Sitwell scoffs at the Opera Tavern in Soho and the River Café on Rainville Road - Spear's Magazine

Sitwell scoffs at the Opera Tavern in Soho and the River Café on Rainville Road

Ben Tish climbed up through the deep well of cheffydom with the constant helping hand of Jason Atherton. At the bottom of the well was the sludgy, cold and wet puddle of Skegness. Out of the well and he found himself in Soho. He joined Salt Yard and was soon made a partner.

He’s now helping to grow a little empire that includes tapas bar Dehesa off Carnaby Street, Catherine Street’s Opera Tavern (pictured above) and will soon see the opening of Ember Yard on Berwick Street (set to be something of a culinary haven with Alan Yau’s new gaff in the old Endurance pub and Russell Norman’s new Polpetto with Florence Knight at the helm).

I went to the Opera Tavern for lunch. And out they came: lots of gutsy little sharing dishes which enabled you to plunder the menu and stuff your face with Italian/Spanish charcuterie and tapas. Which is quite a long expression, perhaps we should call it Spatalianerie.

But it all worked well, served by charming staff we ate oozing and nicely seasoned Scotch eggs and a deliciously deeply rich, gooey, melting plate of five-year old Iberico ham. The same pig – or his cousin – donated his flesh to a beautiful marriage of oink and quack in the form of a mini pork and foie gras burger.

It wasn’t too rich either. Which meant there was space for some meatballs with beans and my favourite dish of the lunch: winter veg. This was a divine plate of broccoli and squash brought together with a luxurious dressing described as ‘truffled gorgonzola’. Go there just for thisplate, it was an utterly original and a brilliant – if slightly evil – way of eating broccoli which itself was spot on al dente.

This is the sort of food that we probably have Russell Norman to thank: inclusive, welcoming, served by people excited to be part of the deal.

 

Dinner at River Café

It made my dinner at the River Café (pictured below) all the more disappointing. The company was utterly brilliant, the room crowded and lively. But the food was nothing to write home about. A plate of Pizzette – a mini pizza – came with melted Taleggio, thyme and ham – there were potatoes in it too somewhere.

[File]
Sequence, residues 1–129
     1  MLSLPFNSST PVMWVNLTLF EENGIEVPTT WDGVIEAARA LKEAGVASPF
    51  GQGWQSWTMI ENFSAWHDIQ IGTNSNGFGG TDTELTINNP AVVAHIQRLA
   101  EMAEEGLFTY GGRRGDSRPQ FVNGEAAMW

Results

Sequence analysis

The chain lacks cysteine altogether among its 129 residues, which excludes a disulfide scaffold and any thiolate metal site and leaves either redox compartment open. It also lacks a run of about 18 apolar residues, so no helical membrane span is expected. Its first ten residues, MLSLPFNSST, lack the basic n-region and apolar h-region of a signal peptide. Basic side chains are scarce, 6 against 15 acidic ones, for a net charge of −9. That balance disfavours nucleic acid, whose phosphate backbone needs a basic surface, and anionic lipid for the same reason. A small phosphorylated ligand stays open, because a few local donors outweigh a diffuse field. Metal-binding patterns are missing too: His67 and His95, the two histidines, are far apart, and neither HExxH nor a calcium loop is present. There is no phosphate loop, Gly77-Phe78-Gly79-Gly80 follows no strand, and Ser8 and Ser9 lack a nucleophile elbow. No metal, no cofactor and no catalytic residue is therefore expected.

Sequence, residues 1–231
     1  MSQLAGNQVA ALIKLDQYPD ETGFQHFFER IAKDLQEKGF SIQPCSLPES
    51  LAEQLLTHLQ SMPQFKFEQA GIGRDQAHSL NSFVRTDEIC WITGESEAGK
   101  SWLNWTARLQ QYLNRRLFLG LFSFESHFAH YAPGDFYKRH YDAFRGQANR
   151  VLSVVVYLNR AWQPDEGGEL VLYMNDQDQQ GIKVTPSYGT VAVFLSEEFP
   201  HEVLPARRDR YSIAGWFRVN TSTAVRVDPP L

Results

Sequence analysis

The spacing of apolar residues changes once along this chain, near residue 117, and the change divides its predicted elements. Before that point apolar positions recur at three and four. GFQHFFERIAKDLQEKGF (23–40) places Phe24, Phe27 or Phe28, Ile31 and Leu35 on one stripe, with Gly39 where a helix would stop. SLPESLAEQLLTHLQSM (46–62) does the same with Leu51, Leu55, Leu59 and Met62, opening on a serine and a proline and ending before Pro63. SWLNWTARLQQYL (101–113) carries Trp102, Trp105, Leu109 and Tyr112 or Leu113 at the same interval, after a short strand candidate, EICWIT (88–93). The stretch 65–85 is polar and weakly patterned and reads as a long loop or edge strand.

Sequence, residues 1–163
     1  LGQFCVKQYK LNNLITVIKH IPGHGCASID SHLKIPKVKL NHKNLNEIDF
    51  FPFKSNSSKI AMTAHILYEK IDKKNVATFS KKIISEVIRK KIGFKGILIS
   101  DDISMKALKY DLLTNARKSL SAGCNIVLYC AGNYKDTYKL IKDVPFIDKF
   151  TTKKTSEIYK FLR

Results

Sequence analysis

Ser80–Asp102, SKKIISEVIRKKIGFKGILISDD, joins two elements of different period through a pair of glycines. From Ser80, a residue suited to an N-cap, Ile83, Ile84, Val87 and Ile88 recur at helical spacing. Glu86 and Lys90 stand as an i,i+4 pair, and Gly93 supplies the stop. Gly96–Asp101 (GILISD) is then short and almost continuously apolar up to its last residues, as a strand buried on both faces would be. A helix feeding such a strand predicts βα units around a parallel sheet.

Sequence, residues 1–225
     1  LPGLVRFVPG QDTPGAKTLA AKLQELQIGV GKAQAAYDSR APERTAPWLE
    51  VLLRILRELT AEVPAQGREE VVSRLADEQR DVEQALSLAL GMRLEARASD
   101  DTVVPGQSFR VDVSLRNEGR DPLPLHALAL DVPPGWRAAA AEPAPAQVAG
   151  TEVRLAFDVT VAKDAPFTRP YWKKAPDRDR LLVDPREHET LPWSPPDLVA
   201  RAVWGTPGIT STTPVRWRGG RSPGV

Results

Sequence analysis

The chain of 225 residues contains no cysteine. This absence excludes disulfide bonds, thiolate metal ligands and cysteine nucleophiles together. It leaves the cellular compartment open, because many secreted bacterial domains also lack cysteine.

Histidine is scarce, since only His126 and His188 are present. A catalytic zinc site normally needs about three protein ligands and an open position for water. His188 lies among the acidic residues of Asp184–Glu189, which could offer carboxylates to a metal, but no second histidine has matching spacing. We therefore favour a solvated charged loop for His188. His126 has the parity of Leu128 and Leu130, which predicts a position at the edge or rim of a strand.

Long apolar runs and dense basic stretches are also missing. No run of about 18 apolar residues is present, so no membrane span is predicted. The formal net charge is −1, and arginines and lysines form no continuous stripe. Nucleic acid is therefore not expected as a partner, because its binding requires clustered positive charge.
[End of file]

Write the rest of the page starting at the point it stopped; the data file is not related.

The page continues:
But it was bland. No hint of the legendary strong aroma of Taleggio and too much of it’s mild reputation. At £18 it was a testing dish. When Russell Norman dishes out mini pizzas in Polpo there are strong, naughty, beautiful things. This was a poor relation.

river cafe

I also had a plate of pasta whose sauce was made of grouse and other game. I could taste the grouse, the pasta was good but it paled in comparison with the utterly sublime version that Jason Atherton serves at his brilliant Berners Tavern.

The River Café is a wonderful place, a treasured and important part of our culinary scene but it’s in danger of being left behind by the boys now waking waves further east and specifically off Oxford Street. Specifically on Berners Street.

And being my NBR (new bestest restaurant), I nipped to the Berners tavern for breakfast the morning after. Where, as I reported here, I recently had an incredible dinner.

Brekkie is good too. And unlike Colbert (see last week’s review), they totally get the breakfast mission.

The manager took my coffee order as he presented a bill to the next table. None of the, I’ll be with you when I’ve dealt with this table thank you very much Sir, crap.

He took my order with almost a knowing wink so as not to disrespect the customers he was dealing with.

It was a subtle but very effective move. It made you feel wanted, understood. It made me like this place – this utterly amazing dining room – even more. And the coffee came fast, as did the apple juice, the eggs and bacon. This is one hell of a zippy, nifty, sexy breakfast place.

Next week I’m in Ethiopia, trekking through the Simian mountains for a brilliant charity called Camara that raised money to put used computers in schools across Africa.

I’ll report back the week after. I was interviewed at The Ethiopian Embassy (bang next door to where the Iranian siege took place in 1980 – I wondered in which room the police drilled holes to listen to the armed men next door) by a man who told me that I would enjoy the food of his country as well as the endemic red fox before giving me my passport back with visa intact. Can’t wait.



 

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